Now it can be a bit hard explaining to a homeowner that they are experiencing problems.  Here’s why.  A homeowner like this one, will say, But I’ve never had a problem.  We’ve never even had to pump it.  In over 40 years.  And now I get to try my hardest to educate and explain to them that the septic tank was not built as a tank at all, and it’s never backed up or needed pumped because it is just leaking into the ground without the 72 hours of septic tank treatment to kill off the harmful aerobic pathogens and bacteria.  But once I can get them to understand how all this is supposed to work, it doesn’t take much for them to let us replace the tank.  And get their wells tested.

 

Thanks for Reading,

 

Ronnie

 

Update Competitor wrote up system failure Final

Monday, December 5th, 2011

This is the final update on our earleir mentioned competitor wrote up system failure.   This was our first time on site.

Here is the link for the second update for when we came back after our initial repairs.  Reason being.  The tank was missing a lid, but we didn’t want to put any money in that old septic tank, unless we knew the drainfield repairs were going to work.  They worked great, drainfield has been taking waste water and the septic tank is separating water from waste as designed.

Now for the final update on this site.  Drainfield was working well as described above.  But the old wooden top would never work.  Wood rots and people fall in.

old septic tank getting new top lid

Prepping old septic tank to install new lid.

In this first picture you can see the septic tank is in operating level.  That is that the water is at it’s designed operating stage.  You can see the newly cured lid with three precast holes in the back ground.  It was in excess of 800 lbs and took a pretty big excavator to get it into place.

There were large roots in this job, about the size of my arms.  This was what really slowed us down.

Prepping septic tank 2

Prepping septic tank 2

The next picture is another prepping of the old septic tank to a new lid.  That is the tenant overseeing the operation for the homeowner who lives out of state.  I always recommend the homeowner putting someone out there that they can trust.  We have nothing to hide, but I hate it when something comes up and the homeowner isn’t there to see with their own eyes.  What we do here isn’t too much rocket science, and I don’t want anyone thinking that we make this stuff up.  I’d rather have someone there to see with their own eyes.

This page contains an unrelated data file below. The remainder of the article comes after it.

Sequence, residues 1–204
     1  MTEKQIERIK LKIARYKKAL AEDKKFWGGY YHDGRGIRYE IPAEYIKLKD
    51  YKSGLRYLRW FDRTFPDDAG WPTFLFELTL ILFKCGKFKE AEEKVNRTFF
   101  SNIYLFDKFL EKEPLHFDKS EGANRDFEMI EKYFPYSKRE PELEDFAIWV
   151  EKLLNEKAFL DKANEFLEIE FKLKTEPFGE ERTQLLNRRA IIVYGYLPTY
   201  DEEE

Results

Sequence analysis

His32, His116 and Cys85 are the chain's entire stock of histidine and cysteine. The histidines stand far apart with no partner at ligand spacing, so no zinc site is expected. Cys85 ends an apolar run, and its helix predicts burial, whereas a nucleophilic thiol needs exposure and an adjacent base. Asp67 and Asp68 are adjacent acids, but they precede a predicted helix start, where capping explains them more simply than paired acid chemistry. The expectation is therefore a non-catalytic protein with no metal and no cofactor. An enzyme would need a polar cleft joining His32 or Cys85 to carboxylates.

Placing the new septic tank lid on the old septic tank

Placing the new septic tank lid on the old septic tank

In the next picture the excavator is placing the new lid on the old tank.  This is the last time that this septic tank will see the light of day for a long time.  Hopefully a very long time.

 

 

 

final product.  Repairs on septic system complete.

final product. Repairs on septic system complete.

And in this very last image, is the final product.  We put access risers on the septic tank lid to the surface.  Now this homeowner will have instant access to their septic tanks with an allen head wrench.  These lids are water tight and air tight.   Now it was really wet at the time we made this repair, so the dirt is so lumpy and muddy mess.  But we made it look the best we could.  Also the white stuff is the ag lime we placed down to neutralize the bacteria that escaped during the repairs.

When this homeowner was caught off-gaurd with their system failure report from my competitor he was looking at nearly $17,000.00 to put in a new septic system.  He lives in an area where the ground has a difficult time accepting ground water.  These systems get very expensive.  His total repairs with us was under $2,200.00 including the sales tax.

Now that’s a great deal.

 

So, please. I cannot stress this enough.  People usually assume that all septic service is the same, that the only difference is the price.  Please understand that we run an honest company.   People in our area have told our customers.  If First Call Septic cannot fix the system, it cannot be fixed.  In most cases it can be.  This is one of them.

 

Thanks for reading,

 

Ronnie